The Active Female: Health Issues Throughout the Lifespan 2008th Edition

26. Exercise Prescription and Pregnancy

Claudia Cardona Gonzalez1, 2  Elvis Álvarez Carnero  and Jacalyn J. Robert-McComb 

(1)

Department of Sports Fundamentals, Universidad Europea de Madrid, Madrid, Spain

(2)

Department Fundamentos de la moticidad y el Entrenamiento Deportivo, Universidad Europea de Madrid, Madrid, Spain

(3)

Biodynamic and Body Composition Laboratory, Sports and Physical Activity Sciences, University of Malaga, Málaga, Málaga, Spain

(4)

Department of Health, Exercise, and Sports Sciences, Texas Tech University, Lubbock, TX 79409, USA

Claudia Cardona Gonzalez

Email: claudiaandrea.cardona@gmail.com

Elvis Álvarez Carnero

Email: ecarnero@uma.es

Jacalyn J. Robert-McComb (Corresponding author)

Email: jacalyn.mccomb@ttu.edu

Abstract

Sports and physical activity participation are an increasingly widespread habit among women of reproductive age. It is interesting that a pregnant woman has the opportunity to continue her exercise program without having to postpone it until after the puerperium. The knowledge about physiological adaptations either pregnancy or exercise must be the cornerstone which drive the exercise prescription on this specific population. Before implementing an exercise program, physical activity professionals need a deep knowledge about the physiological changes and the effects of exercise during the pregnancy either for women and fetus. This chapter focuses mainly on the effects of physical activity in pregnancy which would promote positive adaptations without increasing the risk of mother and the fetus. Additionally, we offer a review of the main exercise prescription guidelines from the most important institutions in physical activity area. Finally, practical ideas for exercises are suggested.

Keywords

Gravid womenExercising during pregnancyExercise guidelines during pregnancy

An erratum to this chapter can be found at http://​dx.​doi.​org/​10.​1007/​978-1-4614-8884-2_​33

26.1 Learning Objectives

After completing this chapter, you should have an understanding of:

·               The most important acute and chronic adaptations during pregnancy as a consequence of physical activity practice and/or exercise training;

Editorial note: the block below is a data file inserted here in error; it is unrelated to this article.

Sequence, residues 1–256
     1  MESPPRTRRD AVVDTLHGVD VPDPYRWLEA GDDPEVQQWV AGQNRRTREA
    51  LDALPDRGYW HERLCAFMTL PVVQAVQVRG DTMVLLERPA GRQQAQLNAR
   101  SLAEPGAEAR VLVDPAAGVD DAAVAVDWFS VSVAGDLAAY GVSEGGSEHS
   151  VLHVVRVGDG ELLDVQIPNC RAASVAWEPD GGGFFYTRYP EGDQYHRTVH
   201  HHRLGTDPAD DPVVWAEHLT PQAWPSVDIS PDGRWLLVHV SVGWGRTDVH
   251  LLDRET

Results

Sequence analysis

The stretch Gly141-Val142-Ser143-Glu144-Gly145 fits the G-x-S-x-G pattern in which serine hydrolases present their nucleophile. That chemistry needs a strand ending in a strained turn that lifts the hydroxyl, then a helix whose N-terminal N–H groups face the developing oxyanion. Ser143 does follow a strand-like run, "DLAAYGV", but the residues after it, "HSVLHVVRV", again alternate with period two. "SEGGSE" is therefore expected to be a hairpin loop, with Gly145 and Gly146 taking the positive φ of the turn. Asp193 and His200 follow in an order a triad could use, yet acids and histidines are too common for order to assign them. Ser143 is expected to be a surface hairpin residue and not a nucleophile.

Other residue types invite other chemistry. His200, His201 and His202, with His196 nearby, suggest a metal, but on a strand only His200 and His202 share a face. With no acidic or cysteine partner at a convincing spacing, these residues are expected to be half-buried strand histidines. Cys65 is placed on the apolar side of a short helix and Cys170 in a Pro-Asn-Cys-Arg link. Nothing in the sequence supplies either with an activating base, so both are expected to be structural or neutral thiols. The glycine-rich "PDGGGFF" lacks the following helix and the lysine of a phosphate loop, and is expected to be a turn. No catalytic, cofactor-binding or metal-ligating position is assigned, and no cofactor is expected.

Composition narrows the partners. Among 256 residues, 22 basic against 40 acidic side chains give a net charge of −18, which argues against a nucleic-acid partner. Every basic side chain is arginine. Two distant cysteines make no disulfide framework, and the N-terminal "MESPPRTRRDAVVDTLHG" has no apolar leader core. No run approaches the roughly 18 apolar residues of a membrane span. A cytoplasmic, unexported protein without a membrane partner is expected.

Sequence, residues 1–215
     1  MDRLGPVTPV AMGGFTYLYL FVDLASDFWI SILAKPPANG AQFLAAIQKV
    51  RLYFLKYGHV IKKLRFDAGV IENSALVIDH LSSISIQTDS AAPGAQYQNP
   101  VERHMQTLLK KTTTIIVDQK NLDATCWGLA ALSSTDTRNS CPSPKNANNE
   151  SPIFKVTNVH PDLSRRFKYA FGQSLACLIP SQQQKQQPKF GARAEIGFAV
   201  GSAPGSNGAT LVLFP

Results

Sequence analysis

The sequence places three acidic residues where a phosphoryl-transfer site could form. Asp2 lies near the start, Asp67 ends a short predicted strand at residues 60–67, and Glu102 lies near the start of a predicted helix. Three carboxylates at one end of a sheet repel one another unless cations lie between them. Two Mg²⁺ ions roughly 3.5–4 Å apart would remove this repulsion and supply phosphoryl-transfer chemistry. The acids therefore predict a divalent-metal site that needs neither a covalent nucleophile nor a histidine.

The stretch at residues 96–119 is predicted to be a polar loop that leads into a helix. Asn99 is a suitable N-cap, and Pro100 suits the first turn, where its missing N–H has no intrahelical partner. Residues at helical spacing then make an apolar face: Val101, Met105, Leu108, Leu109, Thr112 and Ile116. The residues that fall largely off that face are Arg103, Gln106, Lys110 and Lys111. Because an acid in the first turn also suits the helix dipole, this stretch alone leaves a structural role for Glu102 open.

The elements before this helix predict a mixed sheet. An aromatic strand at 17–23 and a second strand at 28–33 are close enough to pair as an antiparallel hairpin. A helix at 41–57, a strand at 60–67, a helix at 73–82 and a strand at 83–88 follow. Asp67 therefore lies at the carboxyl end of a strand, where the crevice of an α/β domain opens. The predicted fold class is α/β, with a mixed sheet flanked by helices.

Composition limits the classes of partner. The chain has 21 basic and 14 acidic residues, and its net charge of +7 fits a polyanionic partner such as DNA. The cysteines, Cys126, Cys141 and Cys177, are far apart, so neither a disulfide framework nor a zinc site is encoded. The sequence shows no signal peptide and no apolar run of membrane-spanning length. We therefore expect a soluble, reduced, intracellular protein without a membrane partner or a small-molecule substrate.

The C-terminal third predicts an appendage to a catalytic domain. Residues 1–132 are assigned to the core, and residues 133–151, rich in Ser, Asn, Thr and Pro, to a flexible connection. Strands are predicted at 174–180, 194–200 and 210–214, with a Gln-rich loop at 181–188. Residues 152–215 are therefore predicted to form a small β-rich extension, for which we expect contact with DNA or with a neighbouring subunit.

·               The benefits of regular physical activity for gravid women and fetus;

·               How to avoid risks for fetus and mother associated with exercise training;

·               Recommendations and guidelines to prescribe rational exercise programs for pregnant women during pregnancy and post-delivery.

26.2 Introduction

While pregnancy involves changes in women’s physiology, several adaptations from regular physical activity (PA) practice must occur during this period of a life cycle. Although there has been a large discrepancy about the effect/consequences of exercise in the past, research has highlighted evidence about the benefits of exercise and how to decrease risks. So PA and exercise training must provide several benefits for both the mother and the fetus: blood pressure control, blood glucose regulation, healthy birth weight, and prevention of obesity and maintenance of pre-gravid physical fitness. Nevertheless, there appears to be some risks (hyperthermia, hypoglycemia, chronic fatigue, abortion, etc.) associated with excessive and poorly planned exercise regimens. These risks occur mainly when environmental conditions, volume and intensity thresholds of exercise load, and contraindications are not respected. Associations of obstetricians and gynecologists from different countries have collected scientific knowledge since the last century to develop useful guidelines to design safe and effective PA and exercise training programs.